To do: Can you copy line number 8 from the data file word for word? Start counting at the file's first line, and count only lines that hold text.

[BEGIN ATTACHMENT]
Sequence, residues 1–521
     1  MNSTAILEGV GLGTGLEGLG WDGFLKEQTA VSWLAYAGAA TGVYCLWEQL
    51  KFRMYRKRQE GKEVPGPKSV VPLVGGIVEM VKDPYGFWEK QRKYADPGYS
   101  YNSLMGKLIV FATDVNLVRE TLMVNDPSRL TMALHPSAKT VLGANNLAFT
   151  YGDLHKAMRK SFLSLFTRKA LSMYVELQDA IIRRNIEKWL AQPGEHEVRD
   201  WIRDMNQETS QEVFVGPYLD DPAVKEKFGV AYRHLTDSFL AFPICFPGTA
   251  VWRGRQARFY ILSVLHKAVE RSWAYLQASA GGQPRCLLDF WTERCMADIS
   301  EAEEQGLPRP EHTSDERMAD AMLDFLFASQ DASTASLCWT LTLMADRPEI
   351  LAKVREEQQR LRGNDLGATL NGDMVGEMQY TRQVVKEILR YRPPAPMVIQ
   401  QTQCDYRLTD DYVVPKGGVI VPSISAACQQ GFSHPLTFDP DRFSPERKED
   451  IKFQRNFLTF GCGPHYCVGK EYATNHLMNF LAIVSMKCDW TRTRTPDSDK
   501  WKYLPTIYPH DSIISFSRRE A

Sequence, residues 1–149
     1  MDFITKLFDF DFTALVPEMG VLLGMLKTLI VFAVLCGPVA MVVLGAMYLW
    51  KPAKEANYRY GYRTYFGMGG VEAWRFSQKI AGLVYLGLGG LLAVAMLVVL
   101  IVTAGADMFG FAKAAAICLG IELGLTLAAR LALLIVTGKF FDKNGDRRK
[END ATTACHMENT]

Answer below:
   301  EAEEQGLPRP EHTSDERMAD AMLDFLFASQ DASTASLCWT LTLMADRPEI